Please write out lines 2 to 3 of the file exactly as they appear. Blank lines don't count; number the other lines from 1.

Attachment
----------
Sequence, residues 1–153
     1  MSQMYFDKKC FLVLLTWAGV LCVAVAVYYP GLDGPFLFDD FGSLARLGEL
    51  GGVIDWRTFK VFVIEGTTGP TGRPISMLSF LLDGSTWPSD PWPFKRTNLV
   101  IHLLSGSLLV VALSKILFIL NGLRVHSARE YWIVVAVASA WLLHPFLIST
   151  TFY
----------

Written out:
     1  MSQMYFDKKC FLVLLTWAGV LCVAVAVYYP GLDGPFLFDD FGSLARLGEL
    51  GGVIDWRTFK VFVIEGTTGP TGRPISMLSF LLDGSTWPSD PWPFKRTNLV